The Perfume River gently flows from the nearby Ngu Binh mountain, across the heart of Hue city and past its imperial palace. With its total territory smaller than Hong Kong’s, Hue seems to possess less allure than other cities in Vietnam at first glimpse. However, nowhere else in the country, alongside Hue, is much better to illustrate the royal livings during the dynastic rule ended decades ago. While the contemporary capital of Vietnam is Hanoi, and myriads of us are familiarised with Ho Chi Minh City, the emperors of Nguyen dynasty, who were the last imperial rulers, regarded Hue as their home from 1802 to 1945.
Since the heydays of Tang dynasty (618-907 AD), time often elapsed with throngs of horse caravans wading through the endlessly steep road. Across undulating hill chains and meandering rivers of the mountain Range, women of Bulang ethnic group were picking pu’er tea leaves, a distinct form of broad leaf tea in Yunnan, in a verdant agro-forest. Besides the four-foot-wide cobblestone paths, scraggy porters were carrying backbreaking loads of freshly-made tea along this legendary trail, a harsh 2,250km trail stretching from the hillside plantation of Xishuangbanna in Yunnan to Tibet’s capital city of Lhasa, and from there to Southeast Asia, before reaching to Indian subcontinent.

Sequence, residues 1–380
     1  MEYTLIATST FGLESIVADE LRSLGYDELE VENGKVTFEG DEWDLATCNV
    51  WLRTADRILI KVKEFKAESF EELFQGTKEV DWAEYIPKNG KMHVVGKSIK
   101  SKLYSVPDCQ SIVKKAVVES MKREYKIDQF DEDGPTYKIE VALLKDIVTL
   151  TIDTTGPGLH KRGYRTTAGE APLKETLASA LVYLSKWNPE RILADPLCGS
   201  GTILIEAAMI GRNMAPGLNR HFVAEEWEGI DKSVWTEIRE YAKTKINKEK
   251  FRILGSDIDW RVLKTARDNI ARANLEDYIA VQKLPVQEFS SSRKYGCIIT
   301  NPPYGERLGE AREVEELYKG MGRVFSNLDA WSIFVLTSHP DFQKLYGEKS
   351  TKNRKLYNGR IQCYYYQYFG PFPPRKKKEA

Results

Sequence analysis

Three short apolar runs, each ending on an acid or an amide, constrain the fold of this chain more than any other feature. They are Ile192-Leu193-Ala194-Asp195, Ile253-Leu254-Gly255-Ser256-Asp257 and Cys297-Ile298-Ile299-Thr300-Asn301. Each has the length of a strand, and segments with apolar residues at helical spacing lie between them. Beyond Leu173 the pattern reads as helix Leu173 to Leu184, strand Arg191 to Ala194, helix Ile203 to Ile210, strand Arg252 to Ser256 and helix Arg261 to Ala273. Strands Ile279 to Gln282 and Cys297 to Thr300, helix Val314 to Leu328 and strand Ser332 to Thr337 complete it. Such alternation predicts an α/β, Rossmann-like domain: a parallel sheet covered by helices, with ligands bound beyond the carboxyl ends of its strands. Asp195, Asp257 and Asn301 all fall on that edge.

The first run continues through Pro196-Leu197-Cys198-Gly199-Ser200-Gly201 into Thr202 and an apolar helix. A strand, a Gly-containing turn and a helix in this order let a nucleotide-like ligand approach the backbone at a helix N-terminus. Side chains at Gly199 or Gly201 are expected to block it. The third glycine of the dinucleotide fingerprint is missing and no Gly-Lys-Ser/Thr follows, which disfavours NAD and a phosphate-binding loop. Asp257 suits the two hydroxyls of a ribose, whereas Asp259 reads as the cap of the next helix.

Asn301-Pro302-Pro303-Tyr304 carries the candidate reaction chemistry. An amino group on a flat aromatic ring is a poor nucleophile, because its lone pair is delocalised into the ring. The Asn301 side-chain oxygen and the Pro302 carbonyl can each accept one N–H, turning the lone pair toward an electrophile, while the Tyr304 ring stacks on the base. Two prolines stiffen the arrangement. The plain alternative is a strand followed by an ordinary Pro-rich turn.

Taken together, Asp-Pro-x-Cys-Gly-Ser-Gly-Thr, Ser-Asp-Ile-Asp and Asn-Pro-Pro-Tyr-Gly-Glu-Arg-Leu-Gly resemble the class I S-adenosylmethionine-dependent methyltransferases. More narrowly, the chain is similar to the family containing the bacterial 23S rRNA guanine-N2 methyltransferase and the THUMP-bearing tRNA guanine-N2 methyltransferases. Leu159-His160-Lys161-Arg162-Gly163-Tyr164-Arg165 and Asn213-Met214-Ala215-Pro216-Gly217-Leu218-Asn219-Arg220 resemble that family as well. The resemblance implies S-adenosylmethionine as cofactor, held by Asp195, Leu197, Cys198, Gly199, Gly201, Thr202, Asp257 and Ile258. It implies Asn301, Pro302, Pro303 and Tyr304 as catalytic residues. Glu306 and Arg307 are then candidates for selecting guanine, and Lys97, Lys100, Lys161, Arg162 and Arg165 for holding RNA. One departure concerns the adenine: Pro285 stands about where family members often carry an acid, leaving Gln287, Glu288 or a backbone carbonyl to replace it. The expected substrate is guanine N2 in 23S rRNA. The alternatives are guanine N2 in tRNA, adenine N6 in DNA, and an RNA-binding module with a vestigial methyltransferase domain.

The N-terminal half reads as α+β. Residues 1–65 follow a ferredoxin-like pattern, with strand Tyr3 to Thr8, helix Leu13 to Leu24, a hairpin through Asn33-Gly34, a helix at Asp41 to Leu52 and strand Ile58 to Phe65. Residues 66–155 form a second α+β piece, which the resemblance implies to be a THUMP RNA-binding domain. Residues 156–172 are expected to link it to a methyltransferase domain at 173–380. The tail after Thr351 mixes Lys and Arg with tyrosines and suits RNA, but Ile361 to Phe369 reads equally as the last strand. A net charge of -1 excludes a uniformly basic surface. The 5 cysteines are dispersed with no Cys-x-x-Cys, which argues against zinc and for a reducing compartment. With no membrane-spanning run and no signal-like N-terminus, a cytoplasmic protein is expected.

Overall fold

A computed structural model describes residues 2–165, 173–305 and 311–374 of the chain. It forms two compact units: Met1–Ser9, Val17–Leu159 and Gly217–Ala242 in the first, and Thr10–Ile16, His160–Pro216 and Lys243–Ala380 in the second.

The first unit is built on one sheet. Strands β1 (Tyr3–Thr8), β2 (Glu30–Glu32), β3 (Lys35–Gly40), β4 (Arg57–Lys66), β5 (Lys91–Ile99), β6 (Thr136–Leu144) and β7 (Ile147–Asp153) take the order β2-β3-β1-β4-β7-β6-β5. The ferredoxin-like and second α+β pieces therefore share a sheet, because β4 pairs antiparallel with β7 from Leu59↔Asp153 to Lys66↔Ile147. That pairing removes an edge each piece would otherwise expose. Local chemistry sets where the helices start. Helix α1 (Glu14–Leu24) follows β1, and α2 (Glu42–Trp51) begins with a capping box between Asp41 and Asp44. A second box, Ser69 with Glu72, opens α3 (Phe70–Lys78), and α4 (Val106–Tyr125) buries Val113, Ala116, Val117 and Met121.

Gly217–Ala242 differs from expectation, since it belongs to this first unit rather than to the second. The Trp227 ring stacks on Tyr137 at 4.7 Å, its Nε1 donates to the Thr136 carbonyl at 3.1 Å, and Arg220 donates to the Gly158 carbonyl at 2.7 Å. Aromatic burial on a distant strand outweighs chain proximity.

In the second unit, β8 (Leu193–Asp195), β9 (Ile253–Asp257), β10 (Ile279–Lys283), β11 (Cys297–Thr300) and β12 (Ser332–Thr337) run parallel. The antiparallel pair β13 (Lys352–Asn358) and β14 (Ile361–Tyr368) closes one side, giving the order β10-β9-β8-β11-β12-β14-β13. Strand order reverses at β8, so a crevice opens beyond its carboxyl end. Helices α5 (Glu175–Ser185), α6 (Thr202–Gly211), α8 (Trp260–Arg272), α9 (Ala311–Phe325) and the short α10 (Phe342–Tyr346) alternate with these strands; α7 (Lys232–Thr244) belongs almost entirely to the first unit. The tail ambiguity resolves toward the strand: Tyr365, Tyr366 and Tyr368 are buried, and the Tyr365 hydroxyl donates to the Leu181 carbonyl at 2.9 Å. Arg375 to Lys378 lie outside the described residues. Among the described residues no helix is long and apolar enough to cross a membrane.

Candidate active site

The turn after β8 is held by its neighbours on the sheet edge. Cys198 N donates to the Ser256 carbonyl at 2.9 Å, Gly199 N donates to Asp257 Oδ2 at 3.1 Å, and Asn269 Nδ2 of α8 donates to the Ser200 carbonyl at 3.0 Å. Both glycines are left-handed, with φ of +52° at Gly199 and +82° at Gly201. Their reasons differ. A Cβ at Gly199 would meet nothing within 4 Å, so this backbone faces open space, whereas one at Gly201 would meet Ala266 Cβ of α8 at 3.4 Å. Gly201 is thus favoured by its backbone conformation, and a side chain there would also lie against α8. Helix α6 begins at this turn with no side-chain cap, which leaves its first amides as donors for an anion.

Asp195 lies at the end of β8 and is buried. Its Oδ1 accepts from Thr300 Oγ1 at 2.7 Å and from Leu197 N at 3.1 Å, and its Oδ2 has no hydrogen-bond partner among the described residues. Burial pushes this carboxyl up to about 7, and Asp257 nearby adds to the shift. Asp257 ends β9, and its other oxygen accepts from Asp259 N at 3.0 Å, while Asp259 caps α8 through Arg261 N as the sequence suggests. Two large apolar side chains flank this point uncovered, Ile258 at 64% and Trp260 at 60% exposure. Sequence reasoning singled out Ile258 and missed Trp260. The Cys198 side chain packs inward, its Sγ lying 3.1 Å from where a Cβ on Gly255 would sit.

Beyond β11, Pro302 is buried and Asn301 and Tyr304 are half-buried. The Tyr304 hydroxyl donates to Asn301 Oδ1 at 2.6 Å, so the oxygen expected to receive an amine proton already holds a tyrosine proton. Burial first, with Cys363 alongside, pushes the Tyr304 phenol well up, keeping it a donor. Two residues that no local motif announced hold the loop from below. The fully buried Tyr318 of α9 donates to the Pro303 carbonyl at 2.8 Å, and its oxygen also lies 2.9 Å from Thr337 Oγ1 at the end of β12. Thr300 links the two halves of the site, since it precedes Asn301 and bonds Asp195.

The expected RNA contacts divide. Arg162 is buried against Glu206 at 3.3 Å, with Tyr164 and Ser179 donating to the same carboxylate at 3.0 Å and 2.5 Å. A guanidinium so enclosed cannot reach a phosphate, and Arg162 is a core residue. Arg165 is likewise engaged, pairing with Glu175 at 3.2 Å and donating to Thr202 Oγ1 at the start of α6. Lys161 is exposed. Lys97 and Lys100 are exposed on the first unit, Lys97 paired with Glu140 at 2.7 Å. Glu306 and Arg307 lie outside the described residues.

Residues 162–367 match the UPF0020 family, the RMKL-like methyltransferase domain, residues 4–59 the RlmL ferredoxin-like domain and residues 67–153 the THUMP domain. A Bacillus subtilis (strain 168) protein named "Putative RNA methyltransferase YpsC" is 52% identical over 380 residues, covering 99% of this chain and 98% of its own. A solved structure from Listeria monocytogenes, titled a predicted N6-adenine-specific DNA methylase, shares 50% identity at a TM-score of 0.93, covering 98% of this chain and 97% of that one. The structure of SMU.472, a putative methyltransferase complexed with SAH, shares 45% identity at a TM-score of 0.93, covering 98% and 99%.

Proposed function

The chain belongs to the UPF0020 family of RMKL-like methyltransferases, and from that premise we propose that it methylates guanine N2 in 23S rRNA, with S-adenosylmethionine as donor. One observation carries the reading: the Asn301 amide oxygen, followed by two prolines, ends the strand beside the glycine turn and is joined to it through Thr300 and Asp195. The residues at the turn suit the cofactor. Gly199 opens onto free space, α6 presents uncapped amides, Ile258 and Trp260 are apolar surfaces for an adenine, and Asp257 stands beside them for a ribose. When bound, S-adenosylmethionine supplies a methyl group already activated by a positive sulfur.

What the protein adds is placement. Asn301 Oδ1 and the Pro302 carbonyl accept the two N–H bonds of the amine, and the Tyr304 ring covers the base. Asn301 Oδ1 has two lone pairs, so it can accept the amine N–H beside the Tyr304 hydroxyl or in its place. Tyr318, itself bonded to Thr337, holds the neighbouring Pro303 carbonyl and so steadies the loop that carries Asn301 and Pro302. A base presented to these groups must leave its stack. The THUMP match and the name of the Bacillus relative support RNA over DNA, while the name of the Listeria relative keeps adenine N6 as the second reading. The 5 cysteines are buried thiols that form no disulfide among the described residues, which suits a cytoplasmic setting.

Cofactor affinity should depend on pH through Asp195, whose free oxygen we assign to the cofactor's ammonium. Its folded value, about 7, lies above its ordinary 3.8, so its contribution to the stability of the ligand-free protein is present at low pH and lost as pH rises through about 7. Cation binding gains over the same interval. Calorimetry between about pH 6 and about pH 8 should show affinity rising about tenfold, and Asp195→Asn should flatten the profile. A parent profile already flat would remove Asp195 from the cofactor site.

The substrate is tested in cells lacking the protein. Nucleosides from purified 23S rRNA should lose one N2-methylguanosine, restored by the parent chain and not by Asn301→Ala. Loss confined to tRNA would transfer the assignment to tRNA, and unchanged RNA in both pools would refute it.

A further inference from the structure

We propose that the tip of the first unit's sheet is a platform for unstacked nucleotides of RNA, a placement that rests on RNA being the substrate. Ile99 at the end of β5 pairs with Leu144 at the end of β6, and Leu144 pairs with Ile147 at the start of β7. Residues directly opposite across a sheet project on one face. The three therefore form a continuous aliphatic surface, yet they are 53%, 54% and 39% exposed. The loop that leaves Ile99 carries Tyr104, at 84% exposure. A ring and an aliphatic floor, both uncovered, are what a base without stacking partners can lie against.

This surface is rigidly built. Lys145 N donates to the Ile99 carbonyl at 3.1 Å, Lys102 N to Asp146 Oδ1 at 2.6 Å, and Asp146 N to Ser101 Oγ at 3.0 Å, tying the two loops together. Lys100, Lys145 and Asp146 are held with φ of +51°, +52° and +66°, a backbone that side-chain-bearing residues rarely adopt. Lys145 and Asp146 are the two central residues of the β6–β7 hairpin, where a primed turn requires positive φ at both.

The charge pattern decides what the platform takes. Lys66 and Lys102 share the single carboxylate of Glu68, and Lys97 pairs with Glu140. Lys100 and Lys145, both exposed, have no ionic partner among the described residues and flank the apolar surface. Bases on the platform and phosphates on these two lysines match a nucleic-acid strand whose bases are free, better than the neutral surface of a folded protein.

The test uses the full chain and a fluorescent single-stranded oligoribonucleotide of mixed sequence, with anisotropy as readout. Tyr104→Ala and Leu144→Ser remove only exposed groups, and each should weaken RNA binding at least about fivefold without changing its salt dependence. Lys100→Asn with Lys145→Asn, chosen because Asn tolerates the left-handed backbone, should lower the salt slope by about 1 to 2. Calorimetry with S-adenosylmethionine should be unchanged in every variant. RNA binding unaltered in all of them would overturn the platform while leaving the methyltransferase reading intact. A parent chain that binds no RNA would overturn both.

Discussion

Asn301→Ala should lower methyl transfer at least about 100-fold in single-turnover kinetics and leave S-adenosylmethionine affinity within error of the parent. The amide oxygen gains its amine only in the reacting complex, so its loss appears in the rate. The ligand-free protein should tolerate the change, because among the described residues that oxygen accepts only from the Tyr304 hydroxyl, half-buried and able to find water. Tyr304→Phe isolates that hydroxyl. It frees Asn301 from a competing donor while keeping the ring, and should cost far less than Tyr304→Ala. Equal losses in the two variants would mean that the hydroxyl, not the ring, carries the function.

(12th June) Namtso lake was as charmingly blue as the sky, making visitors difficult to distinguish their boundary. We were so close to the sky, ever in our first time, free from any murky pollution that gloomed elsewhere, but radiant in its purest form. Far from hustle and bustle, I felt as if we had just landed on a fairyland endowed by undulating hills and boundless pastures in the Tibetan Plateau, and also the calmness of the heavenly lake.